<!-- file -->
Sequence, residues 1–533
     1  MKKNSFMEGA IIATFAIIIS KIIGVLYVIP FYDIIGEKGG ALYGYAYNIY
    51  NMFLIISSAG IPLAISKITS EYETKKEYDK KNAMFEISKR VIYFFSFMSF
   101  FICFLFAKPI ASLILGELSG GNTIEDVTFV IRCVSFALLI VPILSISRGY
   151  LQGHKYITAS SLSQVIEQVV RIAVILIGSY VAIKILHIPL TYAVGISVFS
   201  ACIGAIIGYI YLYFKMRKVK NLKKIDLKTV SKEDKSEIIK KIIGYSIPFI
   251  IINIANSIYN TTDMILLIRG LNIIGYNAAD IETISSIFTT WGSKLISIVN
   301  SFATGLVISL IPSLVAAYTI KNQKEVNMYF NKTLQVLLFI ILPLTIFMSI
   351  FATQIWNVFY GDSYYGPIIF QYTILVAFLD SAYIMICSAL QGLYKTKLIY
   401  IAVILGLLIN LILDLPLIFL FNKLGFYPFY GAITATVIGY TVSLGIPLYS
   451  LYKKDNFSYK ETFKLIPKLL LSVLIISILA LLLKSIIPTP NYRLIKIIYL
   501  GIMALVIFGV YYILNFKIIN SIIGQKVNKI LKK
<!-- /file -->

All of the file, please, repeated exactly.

Sequence, residues 1–533
     1  MKKNSFMEGA IIATFAIIIS KIIGVLYVIP FYDIIGEKGG ALYGYAYNIY
    51  NMFLIISSAG IPLAISKITS EYETKKEYDK KNAMFEISKR VIYFFSFMSF
   101  FICFLFAKPI ASLILGELSG GNTIEDVTFV IRCVSFALLI VPILSISRGY
   151  LQGHKYITAS SLSQVIEQVV RIAVILIGSY VAIKILHIPL TYAVGISVFS
   201  ACIGAIIGYI YLYFKMRKVK NLKKIDLKTV SKEDKSEIIK KIIGYSIPFI
   251  IINIANSIYN TTDMILLIRG LNIIGYNAAD IETISSIFTT WGSKLISIVN
   301  SFATGLVISL IPSLVAAYTI KNQKEVNMYF NKTLQVLLFI ILPLTIFMSI
   351  FATQIWNVFY GDSYYGPIIF QYTILVAFLD SAYIMICSAL QGLYKTKLIY
   401  IAVILGLLIN LILDLPLIFL FNKLGFYPFY GAITATVIGY TVSLGIPLYS
   451  LYKKDNFSYK ETFKLIPKLL LSVLIISILA LLLKSIIPTP NYRLIKIIYL
   501  GIMALVIFGV YYILNFKIIN SIIGQKVNKI LKK